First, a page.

That is the sound you hear — okay, maybe I’m the only one to hear it — when this writer’s brain realizes it has two active works-in-progress going on and suddenly, without warning, a third (and possibly a fourth) suddenly pops in and demands attention. That “Ack!” is immediately followed by hysterical laughter and then sobbing. I’m sure a catatonic state will shortly occur. Not that it will silence Myrtle the Evil Muse. She, it seems, enjoys doing all she can to torture me.
I’m not really complaining. At least not too much. You see, I think this is Myrtle’s way of getting back at me because I’m not letting her have her way with one of the current WIPs. She might not care if some of my fans (waves at Amanda F.) would come after me with sharp objects if I did as she wants but I do. Besides, there are times when the Writer has to throttle the Muse, toss her to the ground and drag her, kicking and screaming, to the closet where she will be locked in until time for the next project to begin. This is especially true right now because she is drunk or high or just sadistic.
Nope, I’m not going to do what she wants.
Oh, wait, you don’t know what she wants? Oh, that’s simple. She wants me to kill off a main character, THE main character, in one of my series. Sure, the current story arc is rapidly coming to an end but it isn’t the end of the series and, as I said, Amanda F. has threatened me if I kill this particular character. And that doesn’t even come close to what the other characters in the series said they’d do to me if I allowed Myrtle to have her way.
Actually, this all comes around to a question someone asked the other day. When do you know it’s time to end a series?
I wish there was an easy answer. Well, in a way, there is. The series ends when the story is over. Except, in a series, the story can be far-reaching and include many more plots and sub-plots than expected when it first began. So, the easy answer gets a bit more difficult in application.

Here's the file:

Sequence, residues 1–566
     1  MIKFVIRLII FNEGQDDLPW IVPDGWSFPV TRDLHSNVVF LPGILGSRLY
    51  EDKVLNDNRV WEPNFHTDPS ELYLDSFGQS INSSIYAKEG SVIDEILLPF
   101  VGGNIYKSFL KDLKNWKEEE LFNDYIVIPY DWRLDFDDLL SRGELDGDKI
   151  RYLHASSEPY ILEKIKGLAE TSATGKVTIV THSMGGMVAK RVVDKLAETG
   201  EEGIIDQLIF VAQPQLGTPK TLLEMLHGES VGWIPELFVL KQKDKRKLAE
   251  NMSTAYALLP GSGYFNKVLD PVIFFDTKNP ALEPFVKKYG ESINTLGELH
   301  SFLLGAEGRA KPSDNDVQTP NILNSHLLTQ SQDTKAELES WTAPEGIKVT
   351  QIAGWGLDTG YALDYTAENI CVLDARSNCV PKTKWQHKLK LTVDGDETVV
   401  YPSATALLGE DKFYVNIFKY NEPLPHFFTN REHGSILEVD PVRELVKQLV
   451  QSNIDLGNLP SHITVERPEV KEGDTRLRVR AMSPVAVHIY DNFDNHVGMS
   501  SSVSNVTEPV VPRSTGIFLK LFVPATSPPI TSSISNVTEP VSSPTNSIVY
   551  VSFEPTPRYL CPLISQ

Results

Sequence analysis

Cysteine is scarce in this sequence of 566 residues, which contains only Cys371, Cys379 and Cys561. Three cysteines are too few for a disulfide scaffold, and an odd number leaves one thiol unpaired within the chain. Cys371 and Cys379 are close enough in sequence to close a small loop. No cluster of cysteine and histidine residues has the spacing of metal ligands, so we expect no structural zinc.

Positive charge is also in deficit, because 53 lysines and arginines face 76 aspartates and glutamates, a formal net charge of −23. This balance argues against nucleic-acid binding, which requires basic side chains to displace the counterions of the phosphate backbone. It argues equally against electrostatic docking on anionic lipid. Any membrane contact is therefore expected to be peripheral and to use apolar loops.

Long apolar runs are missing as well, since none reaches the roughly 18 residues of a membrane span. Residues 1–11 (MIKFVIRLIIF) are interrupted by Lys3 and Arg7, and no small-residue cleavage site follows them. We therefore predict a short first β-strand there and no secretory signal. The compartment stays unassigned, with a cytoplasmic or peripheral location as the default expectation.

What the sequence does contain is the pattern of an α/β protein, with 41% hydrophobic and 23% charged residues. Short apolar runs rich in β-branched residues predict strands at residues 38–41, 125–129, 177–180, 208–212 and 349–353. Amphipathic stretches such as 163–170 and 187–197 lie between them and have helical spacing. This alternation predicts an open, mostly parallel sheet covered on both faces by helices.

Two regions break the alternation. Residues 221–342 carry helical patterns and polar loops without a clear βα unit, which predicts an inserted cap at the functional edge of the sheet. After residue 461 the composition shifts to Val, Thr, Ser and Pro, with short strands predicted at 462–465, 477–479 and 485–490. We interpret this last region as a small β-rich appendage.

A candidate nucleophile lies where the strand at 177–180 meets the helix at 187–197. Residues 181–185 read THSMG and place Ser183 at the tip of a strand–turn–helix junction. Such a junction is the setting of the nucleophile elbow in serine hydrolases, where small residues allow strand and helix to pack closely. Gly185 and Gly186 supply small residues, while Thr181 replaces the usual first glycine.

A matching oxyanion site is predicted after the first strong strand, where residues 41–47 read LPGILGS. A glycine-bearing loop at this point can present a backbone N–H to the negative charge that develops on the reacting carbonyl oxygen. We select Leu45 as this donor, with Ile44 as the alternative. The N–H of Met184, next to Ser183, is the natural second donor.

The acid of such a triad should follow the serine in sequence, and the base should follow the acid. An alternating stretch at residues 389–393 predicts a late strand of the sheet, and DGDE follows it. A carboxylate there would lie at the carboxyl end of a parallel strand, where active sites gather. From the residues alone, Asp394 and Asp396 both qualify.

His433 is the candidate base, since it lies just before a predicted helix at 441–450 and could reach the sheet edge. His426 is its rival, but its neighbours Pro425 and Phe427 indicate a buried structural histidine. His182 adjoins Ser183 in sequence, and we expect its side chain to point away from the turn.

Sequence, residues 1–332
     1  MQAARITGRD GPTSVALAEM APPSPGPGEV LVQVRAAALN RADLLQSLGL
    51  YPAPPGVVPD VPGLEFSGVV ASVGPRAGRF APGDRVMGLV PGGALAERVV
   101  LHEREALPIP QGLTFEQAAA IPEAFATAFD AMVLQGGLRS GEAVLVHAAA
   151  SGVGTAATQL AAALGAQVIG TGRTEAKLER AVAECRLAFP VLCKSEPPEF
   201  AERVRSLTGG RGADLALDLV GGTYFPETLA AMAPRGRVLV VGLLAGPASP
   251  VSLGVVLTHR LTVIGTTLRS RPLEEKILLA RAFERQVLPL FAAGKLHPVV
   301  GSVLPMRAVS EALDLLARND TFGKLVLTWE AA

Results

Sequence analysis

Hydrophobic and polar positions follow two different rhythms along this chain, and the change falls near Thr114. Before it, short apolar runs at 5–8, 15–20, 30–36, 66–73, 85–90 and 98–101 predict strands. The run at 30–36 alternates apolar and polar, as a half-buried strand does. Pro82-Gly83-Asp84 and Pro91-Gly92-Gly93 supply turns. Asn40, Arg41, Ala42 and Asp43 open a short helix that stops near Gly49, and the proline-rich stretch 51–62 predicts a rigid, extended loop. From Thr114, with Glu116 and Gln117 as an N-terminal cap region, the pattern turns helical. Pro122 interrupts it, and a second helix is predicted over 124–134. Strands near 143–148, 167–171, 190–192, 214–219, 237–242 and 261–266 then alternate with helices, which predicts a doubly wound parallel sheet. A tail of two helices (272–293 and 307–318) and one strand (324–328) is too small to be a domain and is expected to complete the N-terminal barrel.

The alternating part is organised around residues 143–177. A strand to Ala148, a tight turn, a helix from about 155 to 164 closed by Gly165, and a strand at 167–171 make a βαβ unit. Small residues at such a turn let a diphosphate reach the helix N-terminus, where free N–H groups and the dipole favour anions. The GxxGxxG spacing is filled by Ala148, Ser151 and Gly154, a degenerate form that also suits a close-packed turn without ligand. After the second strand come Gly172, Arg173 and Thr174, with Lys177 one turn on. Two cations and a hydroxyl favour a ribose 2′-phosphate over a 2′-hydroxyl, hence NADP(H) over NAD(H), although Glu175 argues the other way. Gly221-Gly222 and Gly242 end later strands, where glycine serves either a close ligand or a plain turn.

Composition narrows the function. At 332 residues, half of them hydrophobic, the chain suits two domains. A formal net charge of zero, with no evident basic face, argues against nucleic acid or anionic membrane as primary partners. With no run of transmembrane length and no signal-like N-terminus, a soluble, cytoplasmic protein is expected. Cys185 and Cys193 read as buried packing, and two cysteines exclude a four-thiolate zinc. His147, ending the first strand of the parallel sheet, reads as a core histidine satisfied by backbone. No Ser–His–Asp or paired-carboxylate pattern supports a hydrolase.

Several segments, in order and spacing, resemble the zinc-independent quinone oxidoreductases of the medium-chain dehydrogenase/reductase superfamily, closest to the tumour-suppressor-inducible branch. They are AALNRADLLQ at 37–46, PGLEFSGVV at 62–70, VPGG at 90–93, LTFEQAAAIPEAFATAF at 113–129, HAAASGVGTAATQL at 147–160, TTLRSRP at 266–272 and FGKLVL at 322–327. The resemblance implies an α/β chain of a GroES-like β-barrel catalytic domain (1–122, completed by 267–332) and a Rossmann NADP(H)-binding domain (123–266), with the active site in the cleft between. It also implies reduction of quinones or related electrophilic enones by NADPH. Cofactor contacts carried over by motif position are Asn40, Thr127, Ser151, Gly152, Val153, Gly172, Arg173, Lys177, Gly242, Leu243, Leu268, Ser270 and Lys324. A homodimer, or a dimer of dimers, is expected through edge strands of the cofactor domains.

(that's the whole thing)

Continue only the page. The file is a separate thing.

We’ve all seen series that have gone on too long. Sometimes it is because the author is so in love with the characters that she doesn’t want to move on. Sometimes, and this is particularly true in traditional publishing, the publishing house relies on the name of the author to sell books. They know the author will bring in at least a certain level of sales. So, they keep wanting more in a series even after it has run its course. All too often in this case, the author is ready to move on but with the publisher waving money in front of him, he keeps writing. The problem is, if the author is ready to move on, the series can and usually does go stale.
Then there is the situation where an author isn’t ready to move on and neither is the publisher but the series itself is done. The characters have been developed to the point where everything now turns into Mary Sueism or deus ex machina. Or, worse, a combination of both. Sure, the books will sell but, a critical eye will see that the sales are decreasing. But, for whatever reason — and it can be the author’s love of the characters or universe, the money the publisher is throwing at her or even the author’s fear that the next series won’t be as well-received as the current one — the author doesn’t want to move on.
In each of these cases, the author is doing a disservice not only to herself but to her readers. It’s a lesson I try to keep in mind with my own work.
Currently, I have four series working. One, the Eerie Side of the Tracks series, is more a series of interconnected characters and stories all taking part in the same fictional town. Each book can stand on its own. Another, the Sword of the Gods series, is a very limited series in number of books it will contain because of its story arc. There are currently two books in the series and, unless something unforeseen happens in the third book, that third book will be the end of that particular series. Now, I might return to that world but the current plot lines will be tied up and the characters will be ready to figuratively ride off into the sunset.